Stagger Planting to Weatherproof PollinationSpreading pollination over two or three weeks protects against bad weather and reduces pressure on your pest team and applicators. Staggering planting dates is easiest in regions with a long planting window. You might stop planting corn and plant soybeans for awhile. “Staggering maturities is easier, but there are two things to remember,” says Farm Journal Field Agronomist Ken Ferrie. “First, check each hybrid’s growing degree units to flowering—two hybrids might have the same maturity, but one will flower a week later than the other. Second, if you decide to plant early, midseason and late-maturing hybrids, plant them in that order, from earliest to latest. If you do the opposite, they might all flower in the same week.”
Manage Water to Weatherproof PollinationThe ability of silks to receive pollen after it falls from the tassel is affected by weather. “Hot, dry conditions reduce the viability of both the pollen and silk,” says Farm Journal Field Agronomist Ken Ferrie. “Most pollination problems during drought are caused by poor viability of the silk.” At the other extreme, prolonged wet periods slow pollination because tassels must dry out in order for the pollen sacs to open. “If you irrigate, try to apply water in the afternoon and evening, if possible, so the pollen sacs will have time to dry out during the peak of the day,” Ferrie advises. “Pre-loading water before pollination starts might reduce the need to water in the morning,” he adds. If you don’t have irrigation, you can still identify problems that affect future management decisions. “For example, don’t drop a hybrid because of low yield if the cause was poor ear fill resulting from unusual weather during pollination,” Ferrie says. With soybeans, too, managing irrigation can help mitigate the effect of stress. “But be careful,” he says. “Irrigation decreases the evapotranspiration rate, by raising the humidity and lowering the temperature in the canopy. That can affect soybean plants’ ability to hold pods. “In years when you don’t have a high evapotranspiration rate, it might be better to apply water from late afternoon through early morning and avoid the peak of the day. It’s not uncommon to see dryland corners outyield irrigated portions of a field because the evapotranspiration rate was lowered too much during the reproductive stage,” Ferrie adds.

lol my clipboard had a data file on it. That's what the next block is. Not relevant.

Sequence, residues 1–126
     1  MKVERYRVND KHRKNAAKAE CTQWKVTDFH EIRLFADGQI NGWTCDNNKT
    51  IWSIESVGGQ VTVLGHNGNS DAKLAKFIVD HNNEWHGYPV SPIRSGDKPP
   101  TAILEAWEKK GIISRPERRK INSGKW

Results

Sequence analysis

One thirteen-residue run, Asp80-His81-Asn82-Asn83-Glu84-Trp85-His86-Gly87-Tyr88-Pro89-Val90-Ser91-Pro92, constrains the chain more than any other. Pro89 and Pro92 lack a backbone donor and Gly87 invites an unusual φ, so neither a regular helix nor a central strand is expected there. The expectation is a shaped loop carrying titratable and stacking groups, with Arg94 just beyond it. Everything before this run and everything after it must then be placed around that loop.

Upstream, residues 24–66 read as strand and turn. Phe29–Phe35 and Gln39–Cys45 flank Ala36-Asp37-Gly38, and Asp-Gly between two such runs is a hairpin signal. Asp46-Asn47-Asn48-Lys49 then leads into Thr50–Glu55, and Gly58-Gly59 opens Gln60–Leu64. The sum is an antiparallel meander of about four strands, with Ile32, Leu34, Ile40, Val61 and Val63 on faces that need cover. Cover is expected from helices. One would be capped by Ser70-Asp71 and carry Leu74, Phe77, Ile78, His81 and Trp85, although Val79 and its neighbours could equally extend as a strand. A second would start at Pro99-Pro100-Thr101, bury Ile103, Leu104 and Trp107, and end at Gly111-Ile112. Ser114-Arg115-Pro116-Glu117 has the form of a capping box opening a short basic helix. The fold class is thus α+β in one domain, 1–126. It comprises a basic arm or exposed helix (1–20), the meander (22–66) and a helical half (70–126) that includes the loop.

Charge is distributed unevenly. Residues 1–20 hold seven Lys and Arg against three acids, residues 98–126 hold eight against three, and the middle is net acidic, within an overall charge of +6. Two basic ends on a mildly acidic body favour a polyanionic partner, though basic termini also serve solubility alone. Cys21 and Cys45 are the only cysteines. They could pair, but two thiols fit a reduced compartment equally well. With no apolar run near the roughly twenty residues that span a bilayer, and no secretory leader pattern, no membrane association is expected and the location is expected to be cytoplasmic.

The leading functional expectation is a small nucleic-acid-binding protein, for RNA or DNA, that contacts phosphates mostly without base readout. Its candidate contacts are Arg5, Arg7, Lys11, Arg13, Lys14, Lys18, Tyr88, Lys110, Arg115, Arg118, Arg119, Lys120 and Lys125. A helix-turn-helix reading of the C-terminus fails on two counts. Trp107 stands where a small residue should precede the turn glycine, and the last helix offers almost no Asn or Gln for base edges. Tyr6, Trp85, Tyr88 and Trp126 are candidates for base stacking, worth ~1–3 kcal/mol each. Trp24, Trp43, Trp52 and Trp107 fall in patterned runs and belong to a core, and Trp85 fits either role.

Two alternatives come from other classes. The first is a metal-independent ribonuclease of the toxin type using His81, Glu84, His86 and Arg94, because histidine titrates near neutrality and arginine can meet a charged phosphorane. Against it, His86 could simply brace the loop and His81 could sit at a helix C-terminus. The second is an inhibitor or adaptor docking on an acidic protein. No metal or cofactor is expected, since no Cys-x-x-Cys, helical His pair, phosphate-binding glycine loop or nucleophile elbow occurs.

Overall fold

Evaluate Nutrients While Scouting for PestsMidway through the growing season, a scout’s primary focus is on insects and diseases. But that’s also the perfect time to evaluate your nutrient planning. “Carry a scouting manual to help identify nutrient deficiencies,” says Farm Journal Field Agronomist Ken Ferrie. “Collect tissue and soil samples and check nitrate content to back up your observations.” If you discover low nitrate values in soil and plant tissues, and see deficiency symptoms, applying nitrogen as late as tasseling might reduce kernel abortion. “Plant uptake at this stage is only about 2 lb. of nitrogen per acre per day,” Ferrie says. “But the grain-fill process lasts for about 60 days, so you don’t want to run out. “In 2015, when central Illinois received 16" of rain in June, growers who applied nitrogen at tasseling still lost some yield, but the application produced 20 bu. to 60 more bushels per acre than they would otherwise have harvested.” If you document a nitrogen deficiency, consider why the deficiency occurred—was it specific to certain fields, management zones or hybrids? What should you do differently next year? Nitrate testing is just as key in a dry season, when you might discover unused nitrogen in the soil. Plant a cover crop to help carry it over to next season and prevent it from ending up in water supplies. With soybeans, the nutrient deficiencies you spot will be mostly micronutrients. “There’s no good soil test for micronutrients, so rely on tissue testing to confirm your observations,” Ferrie says.
Too dry, too wet and everything in between. This story is the seventh in an eight-part series on weatherproofing your crops. Follow along at bit.ly/weatherproof-crops